The majority of low income households cannot afford the cost of the energy they need to live safe, warm and well, according to a new report from Christians Against Poverty (CAP) called ‘A Dark Place’.
More than half (55%) of CAP clients have rationed their energy at least occasionally in the last two years, with three in ten (29%) doing so weekly. Low income, expensive energy tariffs and a lack of practical help available means people simply give up and make do without.
The report presents the scale and pattern of self-rationing and self-disconnection by 1,008 low income households. Their rationing can be classified into three categories: doing so occasionally when money is particularly tight, regularly needing to ration at the end of each pay cycle, and doing so on a daily or weekly basis because of chronic affordability issues.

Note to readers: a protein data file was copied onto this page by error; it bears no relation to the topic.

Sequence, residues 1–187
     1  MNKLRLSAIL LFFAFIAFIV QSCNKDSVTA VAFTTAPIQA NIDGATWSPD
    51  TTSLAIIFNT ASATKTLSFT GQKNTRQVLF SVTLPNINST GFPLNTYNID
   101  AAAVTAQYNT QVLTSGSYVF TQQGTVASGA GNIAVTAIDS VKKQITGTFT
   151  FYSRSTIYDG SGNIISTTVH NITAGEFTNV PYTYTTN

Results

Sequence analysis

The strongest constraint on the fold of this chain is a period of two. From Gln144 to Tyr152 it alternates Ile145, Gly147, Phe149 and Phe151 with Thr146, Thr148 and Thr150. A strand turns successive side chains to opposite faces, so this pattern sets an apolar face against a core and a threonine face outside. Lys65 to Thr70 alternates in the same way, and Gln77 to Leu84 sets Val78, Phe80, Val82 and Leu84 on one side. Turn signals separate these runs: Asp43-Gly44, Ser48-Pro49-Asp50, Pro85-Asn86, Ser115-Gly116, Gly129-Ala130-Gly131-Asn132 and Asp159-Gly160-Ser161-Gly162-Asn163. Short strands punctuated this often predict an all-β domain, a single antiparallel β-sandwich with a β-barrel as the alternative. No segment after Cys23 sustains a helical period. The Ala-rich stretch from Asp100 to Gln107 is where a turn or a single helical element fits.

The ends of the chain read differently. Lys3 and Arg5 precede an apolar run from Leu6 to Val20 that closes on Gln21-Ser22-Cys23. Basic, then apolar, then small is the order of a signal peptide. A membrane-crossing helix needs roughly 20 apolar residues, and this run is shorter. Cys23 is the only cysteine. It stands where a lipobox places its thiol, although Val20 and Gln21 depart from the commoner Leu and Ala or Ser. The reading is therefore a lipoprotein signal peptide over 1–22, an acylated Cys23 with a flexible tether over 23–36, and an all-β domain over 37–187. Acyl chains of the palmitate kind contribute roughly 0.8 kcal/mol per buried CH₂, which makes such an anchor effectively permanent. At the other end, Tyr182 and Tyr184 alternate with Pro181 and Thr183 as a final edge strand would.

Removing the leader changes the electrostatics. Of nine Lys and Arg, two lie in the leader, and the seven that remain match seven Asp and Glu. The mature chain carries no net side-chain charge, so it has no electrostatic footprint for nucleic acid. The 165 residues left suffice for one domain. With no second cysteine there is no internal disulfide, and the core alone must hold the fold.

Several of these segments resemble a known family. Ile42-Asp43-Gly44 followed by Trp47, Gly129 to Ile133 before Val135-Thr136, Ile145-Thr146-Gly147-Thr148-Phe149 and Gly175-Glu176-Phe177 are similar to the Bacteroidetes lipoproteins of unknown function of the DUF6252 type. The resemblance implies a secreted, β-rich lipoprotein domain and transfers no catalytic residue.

Only one in four (23%) feel confident their supplier would help them if they had trouble paying energy bills. This proportion is even lower for those who have self-disconnected or had a prepayment meter (PPM) installed because of debt.
CAP is calling for action to:
- Make it easier to get back on supply after short-term self-disconnection.
- Ensure people can afford to use the energy they need to stop severe rationing and long-term self-disconnection.
- Increase customers’ confidence and ability to ask suppliers for help.
- Overcome barriers that stop low income consumers accessing the best deals.
- Decrease reliance on PPMs to resolve debt issues and ensure ability to pay.